Black Lives Matter

"I think this is the first time where I've spoken and I feel like I've been listened to and not just heard."

On the 12-month anniversary of the death of George Floyd, LJMU has restated its commitment to change and respond to the needs of people of colour with a refresh of our Black Lives Matter microsite and the launch of a powerful series of videos about our Reciprocal Mentoring Scheme.

Reflecting on the last year, there was a growing sense that we needed to do something different that would transform the way our university understands and responds to the perspective of black students who are part of our community. 

That's why the Equality, Diversity and Inclusion team developed the Reciprocal Mentoring Scheme, in partnership with JMSU, so there can be shared learning between both senior management and students.

Members of the university management team were matched with current students with life-changing results. These films tell the story of this groundbreaking scheme and the transformation we are seeing as a result in a powerful set of interviews with LJMU alumna and local radio host Ngunan Adamu.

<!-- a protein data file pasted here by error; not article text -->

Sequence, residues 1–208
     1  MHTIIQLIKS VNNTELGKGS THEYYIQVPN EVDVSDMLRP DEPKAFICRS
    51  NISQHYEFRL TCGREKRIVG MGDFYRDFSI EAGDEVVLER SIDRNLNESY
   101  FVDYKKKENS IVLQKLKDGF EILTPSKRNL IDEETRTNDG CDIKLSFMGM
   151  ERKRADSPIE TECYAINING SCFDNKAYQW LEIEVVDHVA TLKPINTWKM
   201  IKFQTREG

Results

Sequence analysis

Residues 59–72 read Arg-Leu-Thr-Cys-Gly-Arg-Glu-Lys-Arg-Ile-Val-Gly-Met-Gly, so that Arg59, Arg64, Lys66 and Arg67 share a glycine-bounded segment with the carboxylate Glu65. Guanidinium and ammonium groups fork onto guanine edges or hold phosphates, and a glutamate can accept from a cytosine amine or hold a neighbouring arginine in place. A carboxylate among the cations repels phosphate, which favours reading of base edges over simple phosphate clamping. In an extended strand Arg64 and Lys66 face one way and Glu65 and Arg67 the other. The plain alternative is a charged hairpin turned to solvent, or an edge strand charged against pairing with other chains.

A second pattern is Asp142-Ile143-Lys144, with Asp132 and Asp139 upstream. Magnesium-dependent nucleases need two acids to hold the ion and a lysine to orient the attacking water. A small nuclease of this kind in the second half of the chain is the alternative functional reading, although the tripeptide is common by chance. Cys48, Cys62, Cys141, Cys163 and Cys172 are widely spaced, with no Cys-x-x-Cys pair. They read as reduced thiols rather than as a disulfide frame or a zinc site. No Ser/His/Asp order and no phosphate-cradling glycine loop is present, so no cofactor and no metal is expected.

The quote ("I think this is the first time where I've spoken and I feel like I've been listened to and not just heard") and the image for this article come from the conversation between LJMU student Evey Gordon and Yvonne Turnbull, Director of Student Advice and Wellbeing. Watch in full in the film above.

Future updates are planned on the attainment gap and our new reporting tool around issues of racial harassment.

Also, be sure not to miss #BlackGirlExcellence. 

The LJMU BAME student network will be hosting a series of informal yet informative career talks with Black women who are changing the narrative behind breaking the glass ceiling to become successful leaders. 

The event is on Thursday 10 June, 9:30am–4pm. Register here.


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